Avoid These Critical Mistakes…and Get Off to a Rip-Roaring Start This Year

Happy New Year!

As I sit here typing, I’m thinking about my goals and plans for this
year. And I have already taken action this morning to get me moving
toward several goals in important areas of my life.

I know I feel better when I get off to a good start, be it the
beginning of a day, the beginning of a project….or the beginning
of a new year. In that spirit, I would like to share some thoughts
to help you get off to a great start this year: the 5 most critical
mistakes people typically make when starting a fitness or weight
loss program.

And, more importantly, I will tell you how to avoid these.

These mistakes commonly derail fitness programs, leaving the person
with a feeling of failure and frustration. This in turn makes it
that much harder to get going again.

The good news: these mistakes are avoidable. Avoid them and you’ll
find yourself on the fast track to radiant health and fitness.

MISTAKE #1: NO GOAL

When it comes to planning and beginning an exercise program, most
people don’t focus on what they really want. They know they need
to “lose some weight” or “get in shape”. They may have been
encouraged (or even warned) by their doctor to get more active, eat
better and lose some weight.

But most folks do not take the next step to set a specific goal,
or set of goals, that will attract and energize them.

Instead, they set off on a “get into shape” program without
identifying what exactly that means to them. Consequently, they
meander through various routines and diets. They often jump on the
latest fads.

They may lose a few pounds, but the pounds invariably pile back on
as they lose motivation.

Does this sound familiar to you? If so, don’t feel bad.

The same thing has happened to all of us at one time or another.

When this happens, you lose out on the feelings of achievement,
success and vibrant health that come from a rationally structured
fitness routine.

Having a specific goal or set of goals is the critical starting
point to a successful fitness regimen.

It’s best to focus on one major goal. This should be the one
thing above all that, if achieved, represents true success to
you. For example, your primary goal may be to lose 20 pounds
by the end of the year.

Then articulate two to three minor goals that support your major
goal. For example, you could set interim weight loss goals you
wish to achieve at the end of each month. Or you could set
activity goals, such as building up to walk or run for 30 minutes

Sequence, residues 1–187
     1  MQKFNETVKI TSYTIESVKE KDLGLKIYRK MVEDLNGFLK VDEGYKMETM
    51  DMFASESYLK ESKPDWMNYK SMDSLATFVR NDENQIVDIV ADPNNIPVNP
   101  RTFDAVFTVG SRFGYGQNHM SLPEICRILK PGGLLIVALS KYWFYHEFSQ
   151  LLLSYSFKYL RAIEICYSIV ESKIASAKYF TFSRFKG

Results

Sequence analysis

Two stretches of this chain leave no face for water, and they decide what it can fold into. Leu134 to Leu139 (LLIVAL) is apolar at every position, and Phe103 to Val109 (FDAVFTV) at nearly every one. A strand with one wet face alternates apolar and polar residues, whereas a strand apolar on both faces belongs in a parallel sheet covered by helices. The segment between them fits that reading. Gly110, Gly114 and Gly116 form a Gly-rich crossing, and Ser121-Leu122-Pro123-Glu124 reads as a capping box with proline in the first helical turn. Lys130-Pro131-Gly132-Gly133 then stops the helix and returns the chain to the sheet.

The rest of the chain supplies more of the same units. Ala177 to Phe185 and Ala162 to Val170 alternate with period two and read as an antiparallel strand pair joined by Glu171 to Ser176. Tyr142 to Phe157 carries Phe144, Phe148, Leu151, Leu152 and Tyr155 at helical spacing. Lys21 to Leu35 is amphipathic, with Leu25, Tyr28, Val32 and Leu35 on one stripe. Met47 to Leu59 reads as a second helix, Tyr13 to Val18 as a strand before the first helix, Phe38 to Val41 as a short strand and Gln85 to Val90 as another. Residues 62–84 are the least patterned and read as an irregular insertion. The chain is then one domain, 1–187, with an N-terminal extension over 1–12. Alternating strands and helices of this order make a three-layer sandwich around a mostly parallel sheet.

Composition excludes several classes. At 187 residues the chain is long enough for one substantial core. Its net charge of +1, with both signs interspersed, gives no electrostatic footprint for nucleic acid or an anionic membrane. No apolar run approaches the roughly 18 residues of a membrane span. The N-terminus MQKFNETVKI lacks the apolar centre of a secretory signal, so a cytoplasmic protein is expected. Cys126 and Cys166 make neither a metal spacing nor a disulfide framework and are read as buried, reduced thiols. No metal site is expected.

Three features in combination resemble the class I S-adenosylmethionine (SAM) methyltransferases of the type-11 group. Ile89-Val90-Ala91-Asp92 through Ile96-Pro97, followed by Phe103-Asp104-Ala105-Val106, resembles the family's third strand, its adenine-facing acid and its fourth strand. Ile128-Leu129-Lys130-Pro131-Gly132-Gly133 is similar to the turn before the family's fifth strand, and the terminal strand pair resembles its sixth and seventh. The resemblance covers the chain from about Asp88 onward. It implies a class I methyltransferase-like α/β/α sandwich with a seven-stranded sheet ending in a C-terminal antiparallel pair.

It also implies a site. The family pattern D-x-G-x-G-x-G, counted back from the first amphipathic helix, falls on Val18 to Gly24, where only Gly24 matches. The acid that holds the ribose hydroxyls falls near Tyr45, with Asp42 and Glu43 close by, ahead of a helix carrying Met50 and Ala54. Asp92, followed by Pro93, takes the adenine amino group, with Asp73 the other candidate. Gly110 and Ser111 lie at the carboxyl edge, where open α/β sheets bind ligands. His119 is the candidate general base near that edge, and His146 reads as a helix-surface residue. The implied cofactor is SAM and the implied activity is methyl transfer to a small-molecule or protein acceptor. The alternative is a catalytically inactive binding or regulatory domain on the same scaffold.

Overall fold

straight.

Write down your major and supporting goals and review them
frequently, preferably every day. This is a key point. There is
tremendous power in seeing your goals in writing and saying them
out loud to yourself on a regular basis. This keeps them top of
mind and helps you stay focused.

Once you have established your goals, create a general plan for
how you will achieve them. Decide which activities you want to
focus on, such as walking or running, lifting weights or doing
bodyweight exercises, and so on. Also decide on which days per
week you will train, and at what time of day.

Be specific on this, but also be prepared to make course corrections
along the way as you assess how your plan is working.

A big boost to the success of your fitness program is to record
your activities.

Keep a simple log of your workouts and what you eat. Record not
only what you have done (the process), but also your results,
such as recording your weight once per week.

Recording your activities and progress helps you maintain focus and
momentum. It’s very satisfying to record a successful day during
which you completed your planned workout and followed your nutrition
plan.

Documenting the less successful days is also important. This helps
you identify trends in your behavior. For example, you may find
yourself missing workouts every Friday for three weeks in a row.
You realize that, by Friday, you are usually tired and worn out
from the hectic week. You are coming up with excuses not to work
out.

Realizing this, you can take action. You can make Friday a recovery
day (a day when you don’t work out). This allows you to follow your
own natural rhythms, and sets you up for a successful and energetic
workout on Saturday or Sunday.

When reviewing your progress and setbacks, keep in mind you are
only competing with yourself, not with anyone else – and NOT
woth anyone else’s idea of what you should be doing. Progress at
a pace that makes sense for you. You’ll enjoy the process more
and will be pleasantly surprised at how much you can achieve.

Mistakes #2 and 3 will be coming along in my next blog post.

You Can Do It!

Karen_signature

“Best Breathing Exercises: Transform Body Mind and Spirit with
Dynamic Energy Exercise!”
http://www.BestBreathingExercises.com

Copyright, Karen Van Ness, 2013

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